Houston's fishing report: Explore different bodies of water
The most fun this last week was adventuring to new bodies of water. I encourage anyone to seek out new waters. Living in this part of the country, we certainly have no shortage of opportunities. By doing your homework and researching, you can set yourself up for success. You never know — you may just find a new favorite spot or honey hole.
Lake Superior anglers are catching a mix of coho salmon, king salmon, lakers and walleyes. Some of the salmon have moved up the North Shore, and as we climb deeper into summer, they will continue to push up the shore. Some nice salmon have been taken closer to Duluth this past week as well. The best practice is trolling at 2.3 to 2.5 mph with Dipsy Divers, snap weights or downriggers using flashers or spoons. Color patterns can change day to day, so try new spreads and find out what works for you. Stream anglers are getting good brook trout using small spinners and/or artificial baits.
The St. Louis River has been fair. Walleyes are spread out pretty well, so it takes some seeking out to find active, biting fish. Trolling has been the best bet. Going 2 to 2.5 mph and using shallow-running cranks has been best. Smallmouth bass have really turned on this last week. Anglers are staying busy with these "bronzebacks" casting jig-n-pigs off rock piles, gravel and other structures. Anglers are reporting slow muskie fishing.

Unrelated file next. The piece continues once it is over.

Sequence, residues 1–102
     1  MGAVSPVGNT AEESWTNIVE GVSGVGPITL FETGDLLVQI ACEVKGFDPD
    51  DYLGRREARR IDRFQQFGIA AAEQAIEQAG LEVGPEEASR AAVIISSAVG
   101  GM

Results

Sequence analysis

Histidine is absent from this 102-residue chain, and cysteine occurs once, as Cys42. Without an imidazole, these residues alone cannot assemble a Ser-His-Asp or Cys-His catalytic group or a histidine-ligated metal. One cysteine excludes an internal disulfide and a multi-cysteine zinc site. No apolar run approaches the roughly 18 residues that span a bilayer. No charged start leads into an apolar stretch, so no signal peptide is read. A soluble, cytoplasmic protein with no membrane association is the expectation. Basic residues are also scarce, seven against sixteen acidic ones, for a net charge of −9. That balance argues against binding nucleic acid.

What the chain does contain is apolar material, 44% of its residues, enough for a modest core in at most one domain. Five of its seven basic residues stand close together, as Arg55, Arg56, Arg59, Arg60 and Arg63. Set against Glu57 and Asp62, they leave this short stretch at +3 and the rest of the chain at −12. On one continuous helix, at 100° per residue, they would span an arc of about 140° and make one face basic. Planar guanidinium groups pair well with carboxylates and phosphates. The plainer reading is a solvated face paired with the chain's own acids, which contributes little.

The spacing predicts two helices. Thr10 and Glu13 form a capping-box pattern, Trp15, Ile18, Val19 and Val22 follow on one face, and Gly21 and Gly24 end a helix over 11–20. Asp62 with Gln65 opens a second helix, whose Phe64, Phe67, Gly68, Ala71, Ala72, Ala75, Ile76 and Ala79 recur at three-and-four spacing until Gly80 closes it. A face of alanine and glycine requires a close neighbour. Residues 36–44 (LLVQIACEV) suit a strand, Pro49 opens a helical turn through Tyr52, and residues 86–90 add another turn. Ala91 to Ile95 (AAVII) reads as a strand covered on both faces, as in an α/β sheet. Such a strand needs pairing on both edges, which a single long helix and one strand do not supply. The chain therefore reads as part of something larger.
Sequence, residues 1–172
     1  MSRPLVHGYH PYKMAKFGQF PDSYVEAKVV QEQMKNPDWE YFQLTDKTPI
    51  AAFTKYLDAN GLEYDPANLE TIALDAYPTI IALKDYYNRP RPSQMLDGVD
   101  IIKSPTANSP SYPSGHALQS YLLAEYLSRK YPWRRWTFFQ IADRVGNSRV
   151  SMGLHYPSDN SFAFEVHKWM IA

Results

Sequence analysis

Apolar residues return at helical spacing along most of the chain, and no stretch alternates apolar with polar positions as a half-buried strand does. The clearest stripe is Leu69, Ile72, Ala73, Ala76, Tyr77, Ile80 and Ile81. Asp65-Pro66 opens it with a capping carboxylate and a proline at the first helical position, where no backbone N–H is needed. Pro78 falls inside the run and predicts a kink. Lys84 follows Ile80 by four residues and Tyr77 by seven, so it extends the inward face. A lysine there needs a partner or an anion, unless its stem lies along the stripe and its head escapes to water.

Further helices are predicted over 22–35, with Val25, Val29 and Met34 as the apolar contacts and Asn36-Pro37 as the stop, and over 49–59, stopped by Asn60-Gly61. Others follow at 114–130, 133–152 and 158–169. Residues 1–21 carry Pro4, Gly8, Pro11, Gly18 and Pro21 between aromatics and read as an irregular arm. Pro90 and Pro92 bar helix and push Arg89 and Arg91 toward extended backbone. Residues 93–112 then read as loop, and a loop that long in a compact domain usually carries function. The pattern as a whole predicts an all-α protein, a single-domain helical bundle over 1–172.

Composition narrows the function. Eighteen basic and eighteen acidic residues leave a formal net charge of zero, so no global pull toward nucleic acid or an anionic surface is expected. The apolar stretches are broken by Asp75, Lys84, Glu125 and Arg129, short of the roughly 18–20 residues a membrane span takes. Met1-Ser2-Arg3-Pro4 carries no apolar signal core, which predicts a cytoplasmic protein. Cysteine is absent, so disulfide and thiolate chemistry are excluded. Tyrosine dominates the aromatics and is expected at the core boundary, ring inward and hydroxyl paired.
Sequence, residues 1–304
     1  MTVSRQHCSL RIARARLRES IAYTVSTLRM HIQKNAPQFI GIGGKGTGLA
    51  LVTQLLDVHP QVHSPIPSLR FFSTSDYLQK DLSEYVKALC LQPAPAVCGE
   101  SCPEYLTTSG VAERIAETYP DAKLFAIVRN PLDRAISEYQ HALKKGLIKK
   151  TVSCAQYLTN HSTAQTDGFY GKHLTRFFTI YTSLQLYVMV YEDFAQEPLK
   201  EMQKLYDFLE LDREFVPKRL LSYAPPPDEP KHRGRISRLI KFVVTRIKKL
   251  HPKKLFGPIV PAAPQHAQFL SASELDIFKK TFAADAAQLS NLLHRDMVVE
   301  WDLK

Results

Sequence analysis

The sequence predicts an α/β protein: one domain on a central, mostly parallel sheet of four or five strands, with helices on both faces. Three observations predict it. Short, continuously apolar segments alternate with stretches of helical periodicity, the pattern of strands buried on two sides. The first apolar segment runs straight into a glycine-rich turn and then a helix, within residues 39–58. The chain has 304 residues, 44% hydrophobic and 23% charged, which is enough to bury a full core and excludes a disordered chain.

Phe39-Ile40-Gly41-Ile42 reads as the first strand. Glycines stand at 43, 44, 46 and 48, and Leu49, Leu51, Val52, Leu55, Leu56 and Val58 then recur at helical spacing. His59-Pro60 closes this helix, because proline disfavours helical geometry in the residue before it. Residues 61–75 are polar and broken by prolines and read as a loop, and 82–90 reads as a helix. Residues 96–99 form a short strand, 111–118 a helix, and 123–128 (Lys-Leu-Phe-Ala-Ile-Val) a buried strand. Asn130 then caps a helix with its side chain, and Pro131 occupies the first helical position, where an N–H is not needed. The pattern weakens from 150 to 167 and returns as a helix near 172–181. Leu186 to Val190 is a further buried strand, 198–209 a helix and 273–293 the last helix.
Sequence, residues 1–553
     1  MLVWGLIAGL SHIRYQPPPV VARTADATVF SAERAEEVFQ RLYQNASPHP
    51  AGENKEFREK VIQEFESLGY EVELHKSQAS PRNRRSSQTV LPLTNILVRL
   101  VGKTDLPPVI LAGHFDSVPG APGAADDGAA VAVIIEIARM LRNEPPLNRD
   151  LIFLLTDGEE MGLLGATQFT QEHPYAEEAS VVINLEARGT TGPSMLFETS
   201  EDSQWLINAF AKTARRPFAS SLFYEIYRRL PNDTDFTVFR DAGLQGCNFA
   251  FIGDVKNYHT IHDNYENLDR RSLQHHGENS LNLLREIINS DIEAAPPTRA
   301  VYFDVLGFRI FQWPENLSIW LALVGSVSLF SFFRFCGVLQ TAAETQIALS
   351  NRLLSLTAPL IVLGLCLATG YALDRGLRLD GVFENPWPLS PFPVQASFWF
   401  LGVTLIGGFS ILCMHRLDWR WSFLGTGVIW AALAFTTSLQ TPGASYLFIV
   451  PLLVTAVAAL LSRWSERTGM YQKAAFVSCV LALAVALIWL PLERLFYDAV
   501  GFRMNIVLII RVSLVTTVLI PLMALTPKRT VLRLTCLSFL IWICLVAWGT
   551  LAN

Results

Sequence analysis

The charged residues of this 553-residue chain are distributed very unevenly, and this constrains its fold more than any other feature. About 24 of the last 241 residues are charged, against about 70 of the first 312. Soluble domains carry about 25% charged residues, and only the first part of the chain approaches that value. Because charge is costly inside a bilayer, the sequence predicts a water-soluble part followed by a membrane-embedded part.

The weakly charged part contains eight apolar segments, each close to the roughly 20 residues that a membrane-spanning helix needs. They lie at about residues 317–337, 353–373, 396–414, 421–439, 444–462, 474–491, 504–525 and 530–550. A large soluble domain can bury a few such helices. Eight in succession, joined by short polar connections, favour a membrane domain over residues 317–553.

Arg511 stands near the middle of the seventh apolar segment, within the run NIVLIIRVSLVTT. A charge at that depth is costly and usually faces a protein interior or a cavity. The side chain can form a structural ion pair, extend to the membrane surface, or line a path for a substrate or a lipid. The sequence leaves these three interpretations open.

The inland bite was decent this past week but kind of hard to fish with the amount of traffic on the water. The best times, no doubt, have been early morning and later evenings. Pitching weedlines caught a little bit of everything. Water temps are well into the 70s at surface levels, so don't hesitate to start looking for deeper, cooler water holding bigger fish. Live bait is still a go-to way to catch, but casting Rapalas and spinner baits is also taking some fish. Seeking out lakes of the beaten path has paid off.
Jarrid Houston of South Range is a fishing guide (houstonsguideservice.com) on Minnesota and Wisconsin inland waters, the St. Louis River and, in winter, on Lake Superior.